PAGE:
Installed in 1898–the height of the Lost Cause era–these windows are a powerful reflection of a critical time in our nation’s history in which North and South sought to forever bury prior sectional tensions through the whitewashing of the war: removing the issue of slavery from discussions about the war, celebrating the martial glories and bravery exhibited by Civil War soldiers north and south, and uniting the sections over a shared vision of a future nation rooted in white supremacist culture. While this narrative and its palpable present-day legacies understandably anger and disturb many Americans, and most notably African Americans, it is essential that we remember how it came about and how it derived both its culturally seductive influences and its staying power so that we understand some of the roots of contemporary racial discord and so that we might be able to ease such tensions in the future.
Throughout the Civil War, the Confederacy regularly employed religious rhetoric both to justify secession, sacrifice, and mass bloodshed and to garner political and moral support from its constituency for continued dedication to the prosecution of the war effort. One of the most vocal and most influential southern churches that promulgated the intertwining of religion and Confederate politics was none other than Richmond’s St. Paul’s Church–often referred to as the “Church of the Confederacy” for its large contingent of leading Confederate politicians and generals who worshiped among its congregation, including most notably Jefferson Davis and Robert E. Lee.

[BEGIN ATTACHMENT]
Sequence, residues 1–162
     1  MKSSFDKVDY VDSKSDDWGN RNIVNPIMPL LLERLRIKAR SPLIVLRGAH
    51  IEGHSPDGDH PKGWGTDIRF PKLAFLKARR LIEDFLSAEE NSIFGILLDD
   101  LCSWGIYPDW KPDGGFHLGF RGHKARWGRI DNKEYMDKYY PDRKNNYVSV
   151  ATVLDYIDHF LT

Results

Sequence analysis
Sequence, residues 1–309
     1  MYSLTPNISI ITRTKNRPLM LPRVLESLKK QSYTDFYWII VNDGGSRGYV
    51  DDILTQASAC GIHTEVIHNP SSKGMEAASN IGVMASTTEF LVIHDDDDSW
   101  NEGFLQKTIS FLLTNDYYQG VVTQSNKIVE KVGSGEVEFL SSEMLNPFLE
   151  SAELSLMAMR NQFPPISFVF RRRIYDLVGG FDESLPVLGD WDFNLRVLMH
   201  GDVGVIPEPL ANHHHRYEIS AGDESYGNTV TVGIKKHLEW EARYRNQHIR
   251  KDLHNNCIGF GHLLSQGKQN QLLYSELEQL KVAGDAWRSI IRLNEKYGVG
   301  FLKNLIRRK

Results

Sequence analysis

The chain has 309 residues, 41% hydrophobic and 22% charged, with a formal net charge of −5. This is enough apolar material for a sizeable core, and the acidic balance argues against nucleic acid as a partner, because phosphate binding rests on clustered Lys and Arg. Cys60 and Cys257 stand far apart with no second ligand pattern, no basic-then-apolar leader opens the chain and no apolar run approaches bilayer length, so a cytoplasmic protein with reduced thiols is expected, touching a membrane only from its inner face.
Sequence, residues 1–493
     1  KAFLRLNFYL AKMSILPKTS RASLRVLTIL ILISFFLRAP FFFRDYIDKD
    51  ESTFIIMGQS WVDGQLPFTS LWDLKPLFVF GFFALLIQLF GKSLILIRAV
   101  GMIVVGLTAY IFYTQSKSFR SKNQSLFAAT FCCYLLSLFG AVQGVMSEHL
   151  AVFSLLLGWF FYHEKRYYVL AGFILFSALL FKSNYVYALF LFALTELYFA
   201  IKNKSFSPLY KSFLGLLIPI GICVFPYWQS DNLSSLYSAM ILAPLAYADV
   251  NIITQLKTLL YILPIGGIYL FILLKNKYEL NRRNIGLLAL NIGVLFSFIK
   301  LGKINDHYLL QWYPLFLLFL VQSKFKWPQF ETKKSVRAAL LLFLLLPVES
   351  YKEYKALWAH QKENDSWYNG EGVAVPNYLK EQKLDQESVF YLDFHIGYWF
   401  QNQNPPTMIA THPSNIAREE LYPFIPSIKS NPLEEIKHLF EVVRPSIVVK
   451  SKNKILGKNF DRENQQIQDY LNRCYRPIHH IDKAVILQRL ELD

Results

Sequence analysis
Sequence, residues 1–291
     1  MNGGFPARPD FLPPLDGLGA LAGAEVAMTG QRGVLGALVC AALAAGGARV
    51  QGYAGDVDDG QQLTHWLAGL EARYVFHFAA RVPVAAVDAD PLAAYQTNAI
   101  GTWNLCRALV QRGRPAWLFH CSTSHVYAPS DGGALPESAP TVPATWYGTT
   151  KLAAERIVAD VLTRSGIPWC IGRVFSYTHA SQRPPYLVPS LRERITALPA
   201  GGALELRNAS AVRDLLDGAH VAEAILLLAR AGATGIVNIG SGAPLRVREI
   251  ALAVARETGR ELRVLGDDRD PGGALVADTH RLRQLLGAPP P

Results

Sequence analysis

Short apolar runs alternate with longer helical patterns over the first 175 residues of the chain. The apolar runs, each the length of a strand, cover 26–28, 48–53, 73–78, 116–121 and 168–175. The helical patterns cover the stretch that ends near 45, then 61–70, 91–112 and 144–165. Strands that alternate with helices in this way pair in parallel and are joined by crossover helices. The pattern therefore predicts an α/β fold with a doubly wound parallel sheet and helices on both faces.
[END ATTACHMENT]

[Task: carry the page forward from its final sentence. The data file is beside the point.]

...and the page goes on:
From the pulpit of St. Paul’s, Reverend Charles Minnegerode, the church’s war-time minister, preached the necessity of religious purity and sacrifice to the Confederate cause to ensure the South’s ultimate victory as “God’s chosen people,” and regularly enforced Jefferson Davis’s numerous calls for days of Thanksgiving and prayer. War-time weddings and funerals at the church for some of the Confederacy’s most revered icons, such as General George Pickett and General John Pegram, reinforced the church as a vital space in which the sacred and the secular intertwined to reinforce the backbone of the Confederate war effort. Appropriately, it was at St. Paul’s that Jefferson Davis received the fateful telegram about the fall of Petersburg on April 2, 1865, that ultimately led to the evacuation of the capital and Lee’s surrender at Appomattox on April 9.